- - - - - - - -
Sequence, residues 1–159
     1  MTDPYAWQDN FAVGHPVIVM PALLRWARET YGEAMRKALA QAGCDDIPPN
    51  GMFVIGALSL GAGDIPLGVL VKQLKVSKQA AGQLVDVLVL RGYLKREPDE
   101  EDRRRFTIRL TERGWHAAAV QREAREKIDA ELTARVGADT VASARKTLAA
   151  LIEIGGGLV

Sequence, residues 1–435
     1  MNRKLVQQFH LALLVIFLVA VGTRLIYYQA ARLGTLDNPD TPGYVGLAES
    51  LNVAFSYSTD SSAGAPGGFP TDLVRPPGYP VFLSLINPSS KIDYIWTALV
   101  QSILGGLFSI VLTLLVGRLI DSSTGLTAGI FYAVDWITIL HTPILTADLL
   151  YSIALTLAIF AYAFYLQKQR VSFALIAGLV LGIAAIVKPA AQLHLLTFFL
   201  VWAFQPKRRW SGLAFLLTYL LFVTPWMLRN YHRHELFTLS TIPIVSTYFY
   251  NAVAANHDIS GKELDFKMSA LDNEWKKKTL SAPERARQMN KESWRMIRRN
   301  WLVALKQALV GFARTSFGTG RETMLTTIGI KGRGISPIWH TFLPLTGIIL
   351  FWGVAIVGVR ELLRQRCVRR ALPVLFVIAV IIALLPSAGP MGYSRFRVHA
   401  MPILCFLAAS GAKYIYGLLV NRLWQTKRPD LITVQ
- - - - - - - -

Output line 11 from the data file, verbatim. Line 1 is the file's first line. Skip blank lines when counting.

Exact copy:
   201  VWAFQPKRRW SGLAFLLTYL LFVTPWMLRN YHRHELFTLS TIPIVSTYFY